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Glen Hansard

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Hey there, time traveller!
This article was published 01/07/2012 (3864 days ago), so information in it may no longer be current.

Glen Hansard

Rhythm and Repose (Anti)

All too often when the frontman of a rock band steps out on a solo venture, the resulting album sounds a bit like watered-down versions of the group’s songs.

Happily, the first solo album from Frames frontman Glen Hansard isn’t just Frames-lite; the songs sound different — rootsier, looser, with some overt nods to Van Morrison. Fans might miss the cathartic climaxes and snarled guitars of the Irish group’s more rock-oriented songs — Hansard is in slow-burn mode here, and it might leave some listeners hanging — but his balladeer’s voice is so full of emotion, he carries you along.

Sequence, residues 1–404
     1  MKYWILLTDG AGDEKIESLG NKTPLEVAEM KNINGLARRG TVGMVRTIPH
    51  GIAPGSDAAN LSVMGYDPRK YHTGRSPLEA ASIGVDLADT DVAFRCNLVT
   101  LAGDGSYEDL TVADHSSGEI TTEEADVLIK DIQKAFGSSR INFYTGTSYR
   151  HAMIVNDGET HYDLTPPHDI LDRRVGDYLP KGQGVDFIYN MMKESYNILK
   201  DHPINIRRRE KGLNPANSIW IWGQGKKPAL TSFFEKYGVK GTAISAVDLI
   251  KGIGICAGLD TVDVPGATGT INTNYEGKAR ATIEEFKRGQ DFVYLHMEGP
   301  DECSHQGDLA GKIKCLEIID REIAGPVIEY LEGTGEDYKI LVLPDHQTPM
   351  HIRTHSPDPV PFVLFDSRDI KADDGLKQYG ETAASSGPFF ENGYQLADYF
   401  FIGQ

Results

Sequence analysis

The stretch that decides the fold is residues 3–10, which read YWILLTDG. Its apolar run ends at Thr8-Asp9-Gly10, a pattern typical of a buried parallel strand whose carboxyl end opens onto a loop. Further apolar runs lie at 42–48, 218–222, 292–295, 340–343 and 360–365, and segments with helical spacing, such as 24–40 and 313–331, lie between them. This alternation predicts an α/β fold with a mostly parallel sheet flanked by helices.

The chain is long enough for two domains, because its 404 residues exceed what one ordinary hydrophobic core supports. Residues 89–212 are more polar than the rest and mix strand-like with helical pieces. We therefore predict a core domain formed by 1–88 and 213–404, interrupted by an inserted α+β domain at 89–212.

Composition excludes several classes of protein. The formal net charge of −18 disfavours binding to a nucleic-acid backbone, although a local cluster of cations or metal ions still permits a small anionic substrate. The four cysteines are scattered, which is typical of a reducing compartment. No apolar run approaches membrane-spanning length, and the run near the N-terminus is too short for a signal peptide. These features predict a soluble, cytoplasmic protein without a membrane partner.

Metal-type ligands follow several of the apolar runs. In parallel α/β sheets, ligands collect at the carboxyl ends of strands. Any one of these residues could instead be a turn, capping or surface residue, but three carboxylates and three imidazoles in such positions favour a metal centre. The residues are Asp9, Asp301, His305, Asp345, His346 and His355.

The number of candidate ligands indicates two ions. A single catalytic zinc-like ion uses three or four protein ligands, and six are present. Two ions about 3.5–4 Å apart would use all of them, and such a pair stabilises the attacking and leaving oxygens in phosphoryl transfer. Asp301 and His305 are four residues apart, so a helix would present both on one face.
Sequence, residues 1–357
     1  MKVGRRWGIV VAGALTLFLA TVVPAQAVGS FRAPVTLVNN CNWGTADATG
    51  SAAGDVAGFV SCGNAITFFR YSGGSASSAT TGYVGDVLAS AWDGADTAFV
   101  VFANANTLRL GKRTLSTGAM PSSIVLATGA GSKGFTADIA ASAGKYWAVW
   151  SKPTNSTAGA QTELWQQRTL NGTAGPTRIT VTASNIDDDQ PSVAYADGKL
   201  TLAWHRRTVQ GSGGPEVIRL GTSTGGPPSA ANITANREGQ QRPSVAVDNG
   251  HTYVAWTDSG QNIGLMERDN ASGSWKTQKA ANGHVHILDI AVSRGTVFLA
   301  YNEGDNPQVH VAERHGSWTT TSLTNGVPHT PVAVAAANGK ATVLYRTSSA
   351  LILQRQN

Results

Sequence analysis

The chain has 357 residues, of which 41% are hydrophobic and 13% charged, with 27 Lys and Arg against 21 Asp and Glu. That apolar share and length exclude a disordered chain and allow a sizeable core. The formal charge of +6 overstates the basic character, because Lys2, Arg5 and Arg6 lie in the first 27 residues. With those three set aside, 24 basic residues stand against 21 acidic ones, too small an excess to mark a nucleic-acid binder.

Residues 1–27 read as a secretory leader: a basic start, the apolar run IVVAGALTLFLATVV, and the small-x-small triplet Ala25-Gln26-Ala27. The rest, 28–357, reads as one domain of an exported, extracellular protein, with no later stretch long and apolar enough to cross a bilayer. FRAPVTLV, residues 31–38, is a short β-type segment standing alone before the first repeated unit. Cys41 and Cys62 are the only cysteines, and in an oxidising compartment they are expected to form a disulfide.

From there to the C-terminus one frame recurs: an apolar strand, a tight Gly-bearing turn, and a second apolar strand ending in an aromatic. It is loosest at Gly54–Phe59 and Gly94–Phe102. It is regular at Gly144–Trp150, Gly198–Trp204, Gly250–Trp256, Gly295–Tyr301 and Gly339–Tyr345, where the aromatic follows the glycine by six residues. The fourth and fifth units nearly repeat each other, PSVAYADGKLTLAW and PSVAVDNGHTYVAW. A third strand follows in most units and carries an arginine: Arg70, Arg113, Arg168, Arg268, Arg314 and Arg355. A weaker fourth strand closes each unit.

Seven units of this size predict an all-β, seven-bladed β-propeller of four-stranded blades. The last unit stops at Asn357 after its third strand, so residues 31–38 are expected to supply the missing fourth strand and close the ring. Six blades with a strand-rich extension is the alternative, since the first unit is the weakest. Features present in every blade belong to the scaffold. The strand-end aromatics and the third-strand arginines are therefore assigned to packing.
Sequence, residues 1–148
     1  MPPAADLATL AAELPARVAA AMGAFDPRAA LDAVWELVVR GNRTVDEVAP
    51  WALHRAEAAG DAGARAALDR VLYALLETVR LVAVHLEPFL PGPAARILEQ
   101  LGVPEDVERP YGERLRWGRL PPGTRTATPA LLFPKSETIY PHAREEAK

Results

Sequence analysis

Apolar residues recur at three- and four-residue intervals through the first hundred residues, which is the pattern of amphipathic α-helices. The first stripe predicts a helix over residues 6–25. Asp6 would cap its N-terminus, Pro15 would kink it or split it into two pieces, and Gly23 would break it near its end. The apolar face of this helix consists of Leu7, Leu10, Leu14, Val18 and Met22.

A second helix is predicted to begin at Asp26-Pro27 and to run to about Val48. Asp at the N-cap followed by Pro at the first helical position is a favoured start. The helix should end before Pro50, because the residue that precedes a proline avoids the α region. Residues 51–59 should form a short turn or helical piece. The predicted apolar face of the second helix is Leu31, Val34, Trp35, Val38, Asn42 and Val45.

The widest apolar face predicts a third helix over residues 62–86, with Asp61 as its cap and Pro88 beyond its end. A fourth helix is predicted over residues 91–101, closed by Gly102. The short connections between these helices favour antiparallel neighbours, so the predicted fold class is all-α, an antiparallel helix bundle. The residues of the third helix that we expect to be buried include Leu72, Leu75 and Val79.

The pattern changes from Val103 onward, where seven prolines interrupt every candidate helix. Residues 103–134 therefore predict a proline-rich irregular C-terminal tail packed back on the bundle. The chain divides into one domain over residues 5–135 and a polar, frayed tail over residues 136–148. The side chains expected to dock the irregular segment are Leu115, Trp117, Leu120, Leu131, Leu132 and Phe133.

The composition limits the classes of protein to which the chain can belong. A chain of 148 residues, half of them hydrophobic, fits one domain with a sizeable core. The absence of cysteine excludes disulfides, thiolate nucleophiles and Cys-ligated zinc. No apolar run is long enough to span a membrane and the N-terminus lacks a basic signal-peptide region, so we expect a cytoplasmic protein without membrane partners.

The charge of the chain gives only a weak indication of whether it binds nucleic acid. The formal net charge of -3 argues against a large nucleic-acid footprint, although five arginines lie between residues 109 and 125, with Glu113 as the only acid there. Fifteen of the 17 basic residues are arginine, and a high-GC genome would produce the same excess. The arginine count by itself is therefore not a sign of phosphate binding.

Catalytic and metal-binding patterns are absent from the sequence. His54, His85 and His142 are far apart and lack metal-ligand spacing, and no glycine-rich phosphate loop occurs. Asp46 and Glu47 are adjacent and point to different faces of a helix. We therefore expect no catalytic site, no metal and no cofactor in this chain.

It’s a contemplative album, with lyrics that dwell on love and loss, and the backing is so minimal and muted, in fact, you might find yourself turning it up a lot. Bird of Sorrow starts out softly, just vocals and piano, and gradually adds strings, drums and guitar, building up to the explosive, passionate vocal release that Hansard does so well. Races, an obscure Frames cover, switches up the backing to mournful organ and piano. It’s a tad snoozy in spots, but lovely melodies and Hansard’s singular voice win the day. ‘Ö’Ö’Ö’Ö

— Jill Wilson

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